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    Author(s): James S. Meadows; Gregory J. Nowacki
    Date: 1996
    Source: Gen. Tech. Rep. SRS-4. Asheville, NC: U.S. Department of Agriculture, Forest Service, Southern Research Station. 11 p.
    Publication Series: General Technical Report (GTR)
    Station: Southern Research Station
    PDF: View PDF  (117 KB)

    Description

    Eastern riverfront forests fall into one of three types: (1) nearly pure eastern cottonwood stands, (2) nearly pure black willow stands, and (3) typical riverfront hardwood stands containing many species, but generally dominated by sycamore, pecan, green ash, sugarberry, and American elm. The eastern riverfront forest represents an intermediate successional stage between the pioneer cottonwood-willow types and the sweetgum-water oaks type on drier sites and the overcup oak-water hickory type on wetter sites. Typical attributes of the living tree component of old-growth eastern riverfront forests are given, but little quantitative data are available for the dead tree component of these forests. The understory in old-growth eastern riverfront forests is a diverse mixture of small trees, shrubs, seedlings, vines, and herbaceous vegetation.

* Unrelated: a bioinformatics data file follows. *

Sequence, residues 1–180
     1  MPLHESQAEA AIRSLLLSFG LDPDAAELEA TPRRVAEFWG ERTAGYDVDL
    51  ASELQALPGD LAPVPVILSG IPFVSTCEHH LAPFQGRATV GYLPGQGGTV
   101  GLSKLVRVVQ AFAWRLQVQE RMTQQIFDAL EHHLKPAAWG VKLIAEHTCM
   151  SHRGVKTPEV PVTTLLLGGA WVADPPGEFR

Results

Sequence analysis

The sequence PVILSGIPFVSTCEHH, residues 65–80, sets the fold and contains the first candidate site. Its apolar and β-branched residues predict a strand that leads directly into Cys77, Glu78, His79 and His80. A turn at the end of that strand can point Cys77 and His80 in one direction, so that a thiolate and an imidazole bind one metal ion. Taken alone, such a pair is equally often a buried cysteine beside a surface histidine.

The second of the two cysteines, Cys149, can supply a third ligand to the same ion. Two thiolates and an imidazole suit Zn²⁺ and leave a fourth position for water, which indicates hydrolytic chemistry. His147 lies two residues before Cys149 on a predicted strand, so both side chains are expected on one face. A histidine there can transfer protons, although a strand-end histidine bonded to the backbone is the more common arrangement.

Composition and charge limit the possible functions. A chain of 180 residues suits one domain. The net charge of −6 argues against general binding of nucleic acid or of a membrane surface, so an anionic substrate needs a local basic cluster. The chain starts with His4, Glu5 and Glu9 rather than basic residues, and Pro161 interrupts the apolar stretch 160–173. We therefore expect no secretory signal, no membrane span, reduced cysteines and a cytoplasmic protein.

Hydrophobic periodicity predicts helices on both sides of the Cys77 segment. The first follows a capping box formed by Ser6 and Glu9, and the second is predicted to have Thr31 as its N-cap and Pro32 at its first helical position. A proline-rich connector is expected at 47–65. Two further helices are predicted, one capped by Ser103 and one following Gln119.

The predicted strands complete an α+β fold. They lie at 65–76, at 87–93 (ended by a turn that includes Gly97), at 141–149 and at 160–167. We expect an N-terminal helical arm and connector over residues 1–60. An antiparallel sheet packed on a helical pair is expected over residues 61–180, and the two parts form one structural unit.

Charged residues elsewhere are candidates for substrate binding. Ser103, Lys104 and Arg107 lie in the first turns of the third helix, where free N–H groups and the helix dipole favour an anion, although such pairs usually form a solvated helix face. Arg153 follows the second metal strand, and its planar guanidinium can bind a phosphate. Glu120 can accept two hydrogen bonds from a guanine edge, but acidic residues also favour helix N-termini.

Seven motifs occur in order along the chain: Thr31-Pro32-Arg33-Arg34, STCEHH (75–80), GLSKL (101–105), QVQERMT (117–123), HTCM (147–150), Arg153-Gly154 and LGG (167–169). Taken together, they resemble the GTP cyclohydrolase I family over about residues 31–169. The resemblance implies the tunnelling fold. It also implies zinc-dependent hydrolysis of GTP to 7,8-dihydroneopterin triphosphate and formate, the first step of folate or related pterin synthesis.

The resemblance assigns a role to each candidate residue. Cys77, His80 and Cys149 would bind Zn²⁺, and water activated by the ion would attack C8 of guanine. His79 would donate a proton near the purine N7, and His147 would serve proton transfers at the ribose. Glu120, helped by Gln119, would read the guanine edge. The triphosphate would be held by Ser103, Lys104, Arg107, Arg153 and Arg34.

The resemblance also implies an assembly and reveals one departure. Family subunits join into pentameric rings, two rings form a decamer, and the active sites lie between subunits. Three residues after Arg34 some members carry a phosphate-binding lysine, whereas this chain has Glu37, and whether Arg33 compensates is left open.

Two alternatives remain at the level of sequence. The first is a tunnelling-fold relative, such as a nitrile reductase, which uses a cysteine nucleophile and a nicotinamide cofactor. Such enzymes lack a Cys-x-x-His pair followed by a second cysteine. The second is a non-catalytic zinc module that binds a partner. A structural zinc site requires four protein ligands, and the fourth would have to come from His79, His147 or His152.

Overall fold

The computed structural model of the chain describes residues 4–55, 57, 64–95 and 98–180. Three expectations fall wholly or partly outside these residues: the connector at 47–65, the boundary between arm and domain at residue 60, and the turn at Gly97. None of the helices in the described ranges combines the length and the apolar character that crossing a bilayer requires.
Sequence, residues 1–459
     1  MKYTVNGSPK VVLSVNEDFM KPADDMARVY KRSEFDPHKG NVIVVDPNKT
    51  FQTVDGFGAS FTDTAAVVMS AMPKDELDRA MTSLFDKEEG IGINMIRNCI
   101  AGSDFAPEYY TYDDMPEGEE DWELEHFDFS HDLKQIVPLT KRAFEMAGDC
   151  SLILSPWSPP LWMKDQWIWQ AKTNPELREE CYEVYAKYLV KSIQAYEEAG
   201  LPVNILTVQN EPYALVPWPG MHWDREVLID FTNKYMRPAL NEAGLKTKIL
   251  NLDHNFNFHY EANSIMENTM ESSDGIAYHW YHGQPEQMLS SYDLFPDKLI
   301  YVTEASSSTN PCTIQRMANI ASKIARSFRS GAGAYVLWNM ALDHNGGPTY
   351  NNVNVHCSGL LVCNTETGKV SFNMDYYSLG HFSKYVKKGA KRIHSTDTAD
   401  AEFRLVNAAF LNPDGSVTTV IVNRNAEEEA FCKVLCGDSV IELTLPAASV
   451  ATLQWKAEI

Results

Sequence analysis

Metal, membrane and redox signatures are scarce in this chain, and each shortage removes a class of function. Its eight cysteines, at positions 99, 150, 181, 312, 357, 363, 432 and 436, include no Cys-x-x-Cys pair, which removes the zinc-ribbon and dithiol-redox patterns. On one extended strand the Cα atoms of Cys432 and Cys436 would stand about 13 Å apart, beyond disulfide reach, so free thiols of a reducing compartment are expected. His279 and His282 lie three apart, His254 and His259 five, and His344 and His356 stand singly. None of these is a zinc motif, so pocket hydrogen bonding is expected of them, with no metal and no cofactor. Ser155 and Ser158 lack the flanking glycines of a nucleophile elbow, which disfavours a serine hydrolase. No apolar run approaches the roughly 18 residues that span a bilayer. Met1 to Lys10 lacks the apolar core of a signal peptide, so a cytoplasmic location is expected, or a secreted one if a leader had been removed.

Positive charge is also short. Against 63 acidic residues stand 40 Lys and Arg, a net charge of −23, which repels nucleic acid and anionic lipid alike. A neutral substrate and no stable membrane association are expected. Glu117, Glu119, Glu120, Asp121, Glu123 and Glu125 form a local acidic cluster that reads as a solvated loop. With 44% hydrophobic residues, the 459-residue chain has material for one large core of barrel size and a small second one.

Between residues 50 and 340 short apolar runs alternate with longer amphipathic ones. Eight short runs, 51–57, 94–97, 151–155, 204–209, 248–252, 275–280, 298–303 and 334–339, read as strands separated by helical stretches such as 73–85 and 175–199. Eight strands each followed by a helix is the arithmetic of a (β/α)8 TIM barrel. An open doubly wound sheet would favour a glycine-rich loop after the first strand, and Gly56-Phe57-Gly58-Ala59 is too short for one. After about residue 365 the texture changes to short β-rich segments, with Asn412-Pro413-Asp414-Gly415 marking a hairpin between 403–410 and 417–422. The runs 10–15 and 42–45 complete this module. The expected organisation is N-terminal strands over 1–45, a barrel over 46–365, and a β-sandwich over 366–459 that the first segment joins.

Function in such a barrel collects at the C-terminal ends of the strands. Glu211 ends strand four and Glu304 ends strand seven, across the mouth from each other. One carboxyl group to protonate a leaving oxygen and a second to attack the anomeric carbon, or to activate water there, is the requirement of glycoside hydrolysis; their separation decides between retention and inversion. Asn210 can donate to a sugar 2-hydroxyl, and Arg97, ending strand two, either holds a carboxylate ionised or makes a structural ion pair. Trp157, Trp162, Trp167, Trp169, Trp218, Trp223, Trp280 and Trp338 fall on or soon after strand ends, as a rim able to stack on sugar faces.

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    Citation

    Meadows, James S.; Nowacki, Gregory J. 1996. An Old-Growth Definition for Eastern Riverfront Forests. Gen. Tech. Rep. SRS-4. Asheville, NC: U.S. Department of Agriculture, Forest Service, Southern Research Station. 11 p.

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    Keywords

    Black willow, bottomland hardwood forests, eastern cottonwood, forest dynamics, pioneer communities, riverfront hardwoods, succession.

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